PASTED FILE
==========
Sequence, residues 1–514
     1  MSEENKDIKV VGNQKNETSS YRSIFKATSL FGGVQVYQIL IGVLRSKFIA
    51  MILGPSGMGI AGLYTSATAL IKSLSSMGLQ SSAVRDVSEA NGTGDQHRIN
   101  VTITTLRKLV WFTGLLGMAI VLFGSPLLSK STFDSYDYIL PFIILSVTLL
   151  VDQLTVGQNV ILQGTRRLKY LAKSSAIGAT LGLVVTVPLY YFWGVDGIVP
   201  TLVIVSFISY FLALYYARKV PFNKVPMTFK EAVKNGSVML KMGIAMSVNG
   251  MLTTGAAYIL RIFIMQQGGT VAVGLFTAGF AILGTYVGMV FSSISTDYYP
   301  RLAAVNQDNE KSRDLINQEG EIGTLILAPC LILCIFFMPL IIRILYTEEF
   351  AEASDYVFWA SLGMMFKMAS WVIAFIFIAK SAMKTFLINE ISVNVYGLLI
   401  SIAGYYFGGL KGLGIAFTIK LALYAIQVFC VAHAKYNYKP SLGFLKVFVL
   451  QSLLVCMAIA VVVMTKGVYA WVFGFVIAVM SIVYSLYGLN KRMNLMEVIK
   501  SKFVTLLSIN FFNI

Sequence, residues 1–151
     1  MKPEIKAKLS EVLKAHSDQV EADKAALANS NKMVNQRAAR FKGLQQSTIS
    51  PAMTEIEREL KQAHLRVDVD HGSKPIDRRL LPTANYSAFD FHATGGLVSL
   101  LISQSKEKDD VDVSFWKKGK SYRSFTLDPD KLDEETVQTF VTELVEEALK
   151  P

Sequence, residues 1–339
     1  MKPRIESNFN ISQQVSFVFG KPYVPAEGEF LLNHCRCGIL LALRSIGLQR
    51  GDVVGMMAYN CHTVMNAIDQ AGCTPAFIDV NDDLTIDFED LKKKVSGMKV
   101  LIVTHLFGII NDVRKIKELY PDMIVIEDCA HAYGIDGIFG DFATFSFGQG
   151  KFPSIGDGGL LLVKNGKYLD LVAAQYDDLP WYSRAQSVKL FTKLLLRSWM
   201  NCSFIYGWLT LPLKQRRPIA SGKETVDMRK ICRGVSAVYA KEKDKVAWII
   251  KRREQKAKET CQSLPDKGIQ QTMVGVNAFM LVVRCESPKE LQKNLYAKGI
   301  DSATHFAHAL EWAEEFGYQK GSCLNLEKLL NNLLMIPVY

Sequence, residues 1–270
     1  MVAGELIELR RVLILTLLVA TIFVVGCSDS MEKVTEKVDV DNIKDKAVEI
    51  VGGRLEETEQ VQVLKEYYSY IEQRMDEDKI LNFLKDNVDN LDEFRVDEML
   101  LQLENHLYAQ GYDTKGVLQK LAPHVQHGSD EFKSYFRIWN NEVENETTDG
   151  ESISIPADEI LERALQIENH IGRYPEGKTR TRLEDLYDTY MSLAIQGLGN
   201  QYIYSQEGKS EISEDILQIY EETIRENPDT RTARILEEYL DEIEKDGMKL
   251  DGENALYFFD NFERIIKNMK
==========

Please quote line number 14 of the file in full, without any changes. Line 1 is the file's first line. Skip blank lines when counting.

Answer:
     1  MKPEIKAKLS EVLKAHSDQV EADKAALANS NKMVNQRAAR FKGLQQSTIS